Postsecondary students and their schools were dealt a sound blow recently when lawmakers failed to prevent a change in the way financial need is calculated. Experts believe this change will result in approximately 80,000 to 90,000 current Pell Grant recipients losing their awards entirely and more than a million Pell recipients experiencing reduced eligibility.
Funding concerns underscore key issues important to higher education as the second George W. Bush administration and a new Congress get under way in Washington.
There are many people in this country--and around the world--who assert that oil is the underlying motivator for the U.S. invasion of Iraq. The argument goes like this: Bush is an oil guy, from an oil state, has oil friends, and Iraq possesses an estimated 112-billion barrels of known oil reserves under its sand--second only to Saudi Arabia in the global reserve rankings.
With the recent and very public resignation of two TIAA-CREF trustees for tripping over federal auditor independence statutes, the corporate accounting scandals have officially crossed into higher education. Clearly, academe has the same vulnerabilities to fraud that corporate America has, and any thought to the contrary is naive.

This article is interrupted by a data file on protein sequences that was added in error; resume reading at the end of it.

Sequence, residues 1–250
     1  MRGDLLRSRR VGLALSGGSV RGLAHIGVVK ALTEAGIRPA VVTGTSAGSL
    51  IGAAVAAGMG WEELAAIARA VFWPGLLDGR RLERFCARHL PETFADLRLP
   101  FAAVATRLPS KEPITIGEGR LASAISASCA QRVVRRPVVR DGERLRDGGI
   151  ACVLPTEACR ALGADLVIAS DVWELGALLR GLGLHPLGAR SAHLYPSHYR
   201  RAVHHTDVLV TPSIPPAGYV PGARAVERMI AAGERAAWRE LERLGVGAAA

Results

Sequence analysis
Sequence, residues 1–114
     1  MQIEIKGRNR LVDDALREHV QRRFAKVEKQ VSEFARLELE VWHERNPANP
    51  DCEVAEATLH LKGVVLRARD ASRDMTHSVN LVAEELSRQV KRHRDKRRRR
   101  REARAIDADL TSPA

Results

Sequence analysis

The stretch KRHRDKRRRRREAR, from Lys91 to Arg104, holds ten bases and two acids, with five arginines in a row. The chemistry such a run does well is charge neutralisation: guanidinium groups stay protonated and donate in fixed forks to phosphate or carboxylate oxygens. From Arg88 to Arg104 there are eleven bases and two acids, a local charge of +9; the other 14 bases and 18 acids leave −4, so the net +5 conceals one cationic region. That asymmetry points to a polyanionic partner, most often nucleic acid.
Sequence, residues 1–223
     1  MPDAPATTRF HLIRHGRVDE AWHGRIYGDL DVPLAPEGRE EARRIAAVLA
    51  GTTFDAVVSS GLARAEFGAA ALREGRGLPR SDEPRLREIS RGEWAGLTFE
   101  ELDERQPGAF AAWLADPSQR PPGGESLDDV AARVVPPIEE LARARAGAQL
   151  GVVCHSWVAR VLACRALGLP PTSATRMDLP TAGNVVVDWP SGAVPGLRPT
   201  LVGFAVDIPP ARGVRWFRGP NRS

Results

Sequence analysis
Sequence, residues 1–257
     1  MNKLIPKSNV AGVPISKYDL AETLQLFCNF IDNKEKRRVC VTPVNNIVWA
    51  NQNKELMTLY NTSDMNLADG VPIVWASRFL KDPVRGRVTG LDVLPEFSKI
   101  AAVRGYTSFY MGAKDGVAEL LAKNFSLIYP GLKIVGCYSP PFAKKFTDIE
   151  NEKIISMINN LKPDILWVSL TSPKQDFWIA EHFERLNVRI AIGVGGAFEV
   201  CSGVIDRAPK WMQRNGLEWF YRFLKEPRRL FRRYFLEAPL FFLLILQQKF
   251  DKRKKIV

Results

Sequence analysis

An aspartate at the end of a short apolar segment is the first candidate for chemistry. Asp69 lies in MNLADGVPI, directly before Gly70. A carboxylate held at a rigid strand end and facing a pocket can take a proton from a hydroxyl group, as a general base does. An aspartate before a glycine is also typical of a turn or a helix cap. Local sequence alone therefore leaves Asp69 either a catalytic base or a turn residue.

Never doubt the importance of good surveillance technology. Take, for example, the case of a missing former University of Wisconsin-Madison student, which occurred last spring. Police searched for Audrey Seiler and after finding her in a marsh, went on the hunt for a "bad man" Seiler accused of abducting her from her campus apartment and holding her captive. Several hundred volunteers joined the effort and a national media blitz followed.